Names in African cultures are pointers to their users' hopes, dreams and aspirations; they may reflect their users' geographical environments, their fears, their religious beliefs, and their philosophy of life and death. Children's names may even provide insights into important cultural or socio-political events at the time of their birth. The circumstances surrounding a childs birth may be considered when a name is being chosen.
Factors such as the day of the week of the birth, the time of day (dawn, morning, dusk, afternoon, evening, night), the season of the year, the order of birth, the location a person is born, the specific circumstances relating to the child and to the childs family, the attitude of the parents as well as the gender of the child all play significant roles in the overall naming process and in the actual name given. If one's parents suffer or suffered from child or infant mortality, one is likely to have a funny, survival or death-prevention name believed to be capable of preventing and/or eliminating totally such deaths since it has the power of preventing parents in the underworld from causing the death of such children. Names in African societies may even be important indicator(s) of the bearers behavior and as pointers to the name-bearers' past, present, and future accomplishments. Personal names in Sub-Saharan Africa are therefore not mere labels showing which person (particularly, which father) is responsible for a childs birth. There is also a close identity between the name and the name bearer such that the name links to the name-givers overall experiences. Structurally, African names range from single words, phrases, and sentences, to units larger than the sentence.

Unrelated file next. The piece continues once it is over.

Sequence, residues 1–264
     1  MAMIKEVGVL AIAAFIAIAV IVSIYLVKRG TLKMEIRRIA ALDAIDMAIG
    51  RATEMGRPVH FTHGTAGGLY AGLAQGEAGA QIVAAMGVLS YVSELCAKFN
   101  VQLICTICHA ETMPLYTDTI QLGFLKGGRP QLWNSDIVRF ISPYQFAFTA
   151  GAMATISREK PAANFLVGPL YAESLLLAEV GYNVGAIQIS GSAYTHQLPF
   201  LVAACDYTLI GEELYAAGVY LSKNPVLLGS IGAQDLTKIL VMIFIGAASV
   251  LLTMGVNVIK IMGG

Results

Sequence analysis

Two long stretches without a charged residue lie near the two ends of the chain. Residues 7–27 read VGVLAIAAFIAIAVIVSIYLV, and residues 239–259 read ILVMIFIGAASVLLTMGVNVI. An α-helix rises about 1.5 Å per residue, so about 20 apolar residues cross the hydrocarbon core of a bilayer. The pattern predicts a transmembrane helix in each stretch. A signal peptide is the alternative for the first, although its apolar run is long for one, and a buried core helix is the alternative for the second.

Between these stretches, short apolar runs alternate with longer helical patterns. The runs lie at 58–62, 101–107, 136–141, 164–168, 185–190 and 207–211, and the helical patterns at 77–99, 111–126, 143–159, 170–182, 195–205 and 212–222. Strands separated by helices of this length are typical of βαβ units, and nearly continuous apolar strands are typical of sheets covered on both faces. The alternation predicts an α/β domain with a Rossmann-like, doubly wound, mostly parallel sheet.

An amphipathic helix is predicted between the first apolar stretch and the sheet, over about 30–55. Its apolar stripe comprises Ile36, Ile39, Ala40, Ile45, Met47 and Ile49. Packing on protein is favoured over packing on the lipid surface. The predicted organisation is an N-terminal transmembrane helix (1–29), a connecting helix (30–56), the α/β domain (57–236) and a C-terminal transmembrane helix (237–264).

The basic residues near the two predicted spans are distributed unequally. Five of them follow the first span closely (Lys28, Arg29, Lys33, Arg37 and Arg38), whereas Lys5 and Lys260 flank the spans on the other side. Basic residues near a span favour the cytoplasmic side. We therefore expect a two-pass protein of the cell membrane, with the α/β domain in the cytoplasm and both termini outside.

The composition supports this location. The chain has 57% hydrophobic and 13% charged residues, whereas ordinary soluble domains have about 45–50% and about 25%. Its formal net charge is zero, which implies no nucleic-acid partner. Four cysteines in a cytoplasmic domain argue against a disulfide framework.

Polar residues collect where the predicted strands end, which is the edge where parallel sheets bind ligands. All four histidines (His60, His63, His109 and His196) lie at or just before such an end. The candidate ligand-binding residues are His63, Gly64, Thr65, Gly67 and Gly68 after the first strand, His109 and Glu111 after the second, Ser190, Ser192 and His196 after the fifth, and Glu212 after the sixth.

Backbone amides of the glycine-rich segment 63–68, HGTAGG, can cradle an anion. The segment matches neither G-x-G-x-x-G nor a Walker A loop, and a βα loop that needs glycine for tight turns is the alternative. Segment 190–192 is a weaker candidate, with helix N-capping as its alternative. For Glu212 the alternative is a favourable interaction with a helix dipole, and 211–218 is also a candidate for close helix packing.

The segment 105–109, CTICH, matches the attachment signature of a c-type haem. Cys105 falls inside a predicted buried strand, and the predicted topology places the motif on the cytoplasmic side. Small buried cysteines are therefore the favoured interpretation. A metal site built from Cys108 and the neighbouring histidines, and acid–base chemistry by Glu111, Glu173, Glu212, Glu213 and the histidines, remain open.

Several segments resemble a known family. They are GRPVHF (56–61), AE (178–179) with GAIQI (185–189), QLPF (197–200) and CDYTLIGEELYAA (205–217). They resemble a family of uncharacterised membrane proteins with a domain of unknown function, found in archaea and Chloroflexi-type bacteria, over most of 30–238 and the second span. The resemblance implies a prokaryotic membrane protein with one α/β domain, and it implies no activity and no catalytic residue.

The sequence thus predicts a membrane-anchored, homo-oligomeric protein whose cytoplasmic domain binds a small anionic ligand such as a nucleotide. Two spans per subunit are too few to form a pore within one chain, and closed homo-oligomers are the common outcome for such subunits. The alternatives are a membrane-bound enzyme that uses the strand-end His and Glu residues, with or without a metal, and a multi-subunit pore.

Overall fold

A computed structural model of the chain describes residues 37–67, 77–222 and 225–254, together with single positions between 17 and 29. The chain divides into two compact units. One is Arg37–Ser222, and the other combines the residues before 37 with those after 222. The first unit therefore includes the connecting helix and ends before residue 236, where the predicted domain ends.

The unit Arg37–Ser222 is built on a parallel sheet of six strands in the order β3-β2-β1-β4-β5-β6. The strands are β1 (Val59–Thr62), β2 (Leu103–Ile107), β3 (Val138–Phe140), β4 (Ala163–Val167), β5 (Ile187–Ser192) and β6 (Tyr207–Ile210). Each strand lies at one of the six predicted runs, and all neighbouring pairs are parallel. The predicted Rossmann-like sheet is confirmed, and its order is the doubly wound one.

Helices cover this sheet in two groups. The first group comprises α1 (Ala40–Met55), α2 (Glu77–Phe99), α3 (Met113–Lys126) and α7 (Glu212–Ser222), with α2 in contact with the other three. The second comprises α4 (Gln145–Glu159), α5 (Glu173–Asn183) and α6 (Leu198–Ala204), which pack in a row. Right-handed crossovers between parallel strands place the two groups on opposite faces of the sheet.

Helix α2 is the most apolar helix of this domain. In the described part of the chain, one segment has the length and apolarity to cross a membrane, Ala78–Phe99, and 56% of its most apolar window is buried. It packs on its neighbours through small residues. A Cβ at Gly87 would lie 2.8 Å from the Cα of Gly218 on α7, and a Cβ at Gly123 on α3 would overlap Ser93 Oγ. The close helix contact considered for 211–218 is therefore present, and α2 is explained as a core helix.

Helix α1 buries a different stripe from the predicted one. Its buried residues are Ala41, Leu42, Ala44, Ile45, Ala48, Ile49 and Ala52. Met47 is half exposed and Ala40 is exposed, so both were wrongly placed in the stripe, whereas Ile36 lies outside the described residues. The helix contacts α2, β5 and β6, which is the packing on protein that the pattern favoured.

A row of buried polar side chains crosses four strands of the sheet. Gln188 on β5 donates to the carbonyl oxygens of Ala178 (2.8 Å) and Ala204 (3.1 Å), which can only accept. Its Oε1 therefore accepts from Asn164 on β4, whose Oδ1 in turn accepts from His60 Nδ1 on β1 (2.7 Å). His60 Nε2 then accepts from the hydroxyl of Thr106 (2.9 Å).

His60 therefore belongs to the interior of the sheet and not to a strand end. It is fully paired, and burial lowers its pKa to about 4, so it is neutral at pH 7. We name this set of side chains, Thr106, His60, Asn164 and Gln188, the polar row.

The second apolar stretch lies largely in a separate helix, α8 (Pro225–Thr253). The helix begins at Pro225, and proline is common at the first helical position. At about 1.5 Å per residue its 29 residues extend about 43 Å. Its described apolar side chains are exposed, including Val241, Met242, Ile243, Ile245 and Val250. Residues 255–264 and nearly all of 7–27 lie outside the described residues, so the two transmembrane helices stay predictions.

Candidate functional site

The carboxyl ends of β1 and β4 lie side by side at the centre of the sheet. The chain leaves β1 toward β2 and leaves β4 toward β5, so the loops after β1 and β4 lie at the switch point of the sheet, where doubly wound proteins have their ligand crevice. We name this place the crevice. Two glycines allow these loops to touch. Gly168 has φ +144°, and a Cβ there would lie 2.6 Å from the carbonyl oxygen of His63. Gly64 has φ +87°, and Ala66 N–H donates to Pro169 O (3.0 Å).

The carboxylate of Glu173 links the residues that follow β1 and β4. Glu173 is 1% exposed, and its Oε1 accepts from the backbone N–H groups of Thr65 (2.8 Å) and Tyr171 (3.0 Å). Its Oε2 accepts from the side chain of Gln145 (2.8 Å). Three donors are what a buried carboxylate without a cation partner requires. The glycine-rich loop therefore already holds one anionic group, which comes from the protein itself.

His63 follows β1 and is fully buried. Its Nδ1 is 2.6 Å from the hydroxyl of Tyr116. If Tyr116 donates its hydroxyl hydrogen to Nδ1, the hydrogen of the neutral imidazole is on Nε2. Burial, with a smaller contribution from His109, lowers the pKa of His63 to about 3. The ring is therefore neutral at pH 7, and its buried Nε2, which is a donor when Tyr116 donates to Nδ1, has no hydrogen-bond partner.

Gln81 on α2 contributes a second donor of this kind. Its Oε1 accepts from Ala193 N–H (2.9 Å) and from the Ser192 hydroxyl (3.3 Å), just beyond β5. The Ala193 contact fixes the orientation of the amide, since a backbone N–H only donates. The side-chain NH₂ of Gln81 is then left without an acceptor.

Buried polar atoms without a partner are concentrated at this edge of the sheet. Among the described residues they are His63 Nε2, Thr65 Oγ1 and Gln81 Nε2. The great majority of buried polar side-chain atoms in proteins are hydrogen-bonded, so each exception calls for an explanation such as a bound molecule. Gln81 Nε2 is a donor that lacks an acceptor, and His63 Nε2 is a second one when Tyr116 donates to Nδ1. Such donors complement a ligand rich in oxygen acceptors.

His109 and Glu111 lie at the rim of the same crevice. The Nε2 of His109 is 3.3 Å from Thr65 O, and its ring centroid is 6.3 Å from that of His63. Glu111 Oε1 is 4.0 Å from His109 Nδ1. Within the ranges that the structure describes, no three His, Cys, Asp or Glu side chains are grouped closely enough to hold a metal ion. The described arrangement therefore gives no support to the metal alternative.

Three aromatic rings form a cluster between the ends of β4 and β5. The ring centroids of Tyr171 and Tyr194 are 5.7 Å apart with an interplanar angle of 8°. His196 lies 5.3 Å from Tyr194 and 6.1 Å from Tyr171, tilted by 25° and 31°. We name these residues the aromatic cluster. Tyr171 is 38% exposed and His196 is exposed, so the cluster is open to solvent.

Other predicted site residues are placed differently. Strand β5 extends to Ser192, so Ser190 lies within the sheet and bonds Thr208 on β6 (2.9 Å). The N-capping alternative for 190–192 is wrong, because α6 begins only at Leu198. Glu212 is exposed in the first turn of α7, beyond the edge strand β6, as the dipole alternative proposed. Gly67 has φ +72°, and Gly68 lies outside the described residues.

Ethnopragmatically, African personal names may involve indirectness and implicitness. They may thus be indirect reactions to problematic situations in the lives of the name-bearers, their parents or their communities at large. The greater the communicative difficulty involved in the circumstances surrounding the name-givers world, the more indirectness involved. The indirection and ambiguity involved in
African naming traditions may be due to the consequences of candor and hence the need to have an escape route should the name-givers be questioned by powerful elders or superiors.